Sorry!! The article you are trying to read is not available now.
Thank you very much;
you're only a step away from
downloading your reports.

Setup for a Q2 Squeeze Play

By

PrintPRINT

Our model is a 2 factor model (with a little seasonality sprinkled in for good measure.) The 2 factors are sentiment and price action. Because it is a 2 factor model, we wind up with four (2 squared) type classifications. This is because we focus on the extremes of each factor. For sentiment, we determine a majority of either bulls or bears. Price action in its simplest form is either up or down. The following diagram shows the dynamic of our four Type classifications:

A short squeeze (Type 1) is when we observe heavy short selling and price uptrends.

More often then not, the shorts get squeezed out by rising prices, helping to build a majority of bulls. For the duration of rising prices after the shorts are squeezed out, the bulls will profit from rising prices - Type 2 (bulls are right.)

At some point, usually when bullish sentiment is excessive and the majority is long, price action will deteriorate, putting the Type 4 (long squeeze) into play.

As prices decline, long stock holders sell out (usually near a significant low) and short interest begins to build. For the duration of falling prices after the longs are squeezed out, the bears will profit from falling prices - Type 3 (bears are right.)

At some point, usually when bearish sentiment is excessive and the majority is short, price action will improve, putting the Type 1 (short squeeze) back into play, and the whole cycle begins anew.

In January 2005, we griped a bit because we failed to see significant bearish sentiment. Even now the VIX (CBOE Volatility Index) is historically low, and market advisors remain mostly optimistic. That's a problem for the secular posture of the market, which remains poor. However, last month's increased short selling, especially in key sectors, is a source of fuel for a potential Q2 rally:

In the third quarter of 2004 we observed that short intensity for technology issues was heavy. Price action then improved, causing a rally for technology into the fourth quarter of 2004. That rally squeezed out the shorts. Subsequently the price action of technology issues lapsed into this year. Now that we see heavier short selling once again, we anxiously await improvement in price action.

The above chart shows the percentage of issues in the electronic technology sector that are Type 1s (short squeezes) and Type 3s (shorts are right). This "Type" diagram shows that Type 3s typically precede Type 1s - the arrows from the peaks in percentage Type 3s to the peaks in Type 1s slant forward in time. This is proof that most build-ups in short selling get squeezed out by higher price action.

We believe the current market is now in that period where Type 3 issues are setup to become Type 1, short squeezes - in most sectors. This March, some more negative action may have built short selling up to even higher levels. We get a fresh read on short interest data next week. The fact that the market decline is relatively moderate, coupled with the improved seasonality ahead, allows us to anticipate a Q2 rally.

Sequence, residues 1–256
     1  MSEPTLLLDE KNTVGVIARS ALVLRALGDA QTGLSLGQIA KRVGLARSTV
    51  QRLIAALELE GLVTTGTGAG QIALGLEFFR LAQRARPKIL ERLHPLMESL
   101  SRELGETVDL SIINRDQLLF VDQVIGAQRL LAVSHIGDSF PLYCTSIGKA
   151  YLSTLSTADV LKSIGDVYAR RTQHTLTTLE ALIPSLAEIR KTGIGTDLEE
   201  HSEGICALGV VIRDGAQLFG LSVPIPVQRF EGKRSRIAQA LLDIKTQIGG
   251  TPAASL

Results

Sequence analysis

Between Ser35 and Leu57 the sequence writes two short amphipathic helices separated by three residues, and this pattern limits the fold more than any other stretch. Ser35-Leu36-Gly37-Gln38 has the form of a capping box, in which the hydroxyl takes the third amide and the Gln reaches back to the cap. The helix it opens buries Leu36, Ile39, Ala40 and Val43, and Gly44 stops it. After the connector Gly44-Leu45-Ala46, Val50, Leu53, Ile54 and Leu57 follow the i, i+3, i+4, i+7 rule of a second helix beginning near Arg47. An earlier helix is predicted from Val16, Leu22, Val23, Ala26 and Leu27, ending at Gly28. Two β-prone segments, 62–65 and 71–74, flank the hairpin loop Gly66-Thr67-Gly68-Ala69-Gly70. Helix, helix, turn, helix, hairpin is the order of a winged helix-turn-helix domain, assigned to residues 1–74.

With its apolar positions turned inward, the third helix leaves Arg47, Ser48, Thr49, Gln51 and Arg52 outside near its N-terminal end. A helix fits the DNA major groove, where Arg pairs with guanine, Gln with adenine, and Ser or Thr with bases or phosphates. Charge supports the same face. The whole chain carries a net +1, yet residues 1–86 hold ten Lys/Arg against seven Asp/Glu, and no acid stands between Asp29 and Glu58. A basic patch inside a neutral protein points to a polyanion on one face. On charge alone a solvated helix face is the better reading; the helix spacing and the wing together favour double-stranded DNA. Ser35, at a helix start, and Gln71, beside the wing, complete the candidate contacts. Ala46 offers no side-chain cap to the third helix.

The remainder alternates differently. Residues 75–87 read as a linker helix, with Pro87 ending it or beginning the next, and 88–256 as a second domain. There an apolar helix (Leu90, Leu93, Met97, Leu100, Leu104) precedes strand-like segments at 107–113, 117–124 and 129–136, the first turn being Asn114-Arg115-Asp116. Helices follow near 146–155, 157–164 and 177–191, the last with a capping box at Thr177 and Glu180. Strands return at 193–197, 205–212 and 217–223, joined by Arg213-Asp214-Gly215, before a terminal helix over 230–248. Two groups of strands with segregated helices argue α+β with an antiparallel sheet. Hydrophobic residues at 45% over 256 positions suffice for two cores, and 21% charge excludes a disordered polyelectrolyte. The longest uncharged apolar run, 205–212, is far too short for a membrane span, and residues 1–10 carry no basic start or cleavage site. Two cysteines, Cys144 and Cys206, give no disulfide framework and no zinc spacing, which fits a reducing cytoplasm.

Energy issues have been in a well established bull market. Over the past few years, there have been many squeezes of Type 3s into Type 1s. Currently, there are few Type 3s, but still many Type 1s. We continue to watch the level of Type 1s in energy - a fall off without a build-up in Type 3s would indicate a maturing of this bull trend. Stay tuned.

No positions in stocks mentioned.

The information on this website solely reflects the analysis of or opinion about the performance of securities and financial markets by the writers whose articles appear on the site. The views expressed by the writers are not necessarily the views of Minyanville Media, Inc. or members of its management. Nothing contained on the website is intended to constitute a recommendation or advice addressed to an individual investor or category of investors to purchase, sell or hold any security, or to take any action with respect to the prospective movement of the securities markets or to solicit the purchase or sale of any security. Any investment decisions must be made by the reader either individually or in consultation with his or her investment professional. Minyanville writers and staff may trade or hold positions in securities that are discussed in articles appearing on the website. Writers of articles are required to disclose whether they have a position in any stock or fund discussed in an article, but are not permitted to disclose the size or direction of the position. Nothing on this website is intended to solicit business of any kind for a writer's business or fund. Minyanville management and staff as well as contributing writers will not respond to emails or other communications requesting investment advice.

Copyright 2011 Minyanville Media, Inc. All Rights Reserved.

PrintPRINT
 
Featured Videos

WHAT'S POPULAR IN THE VILLE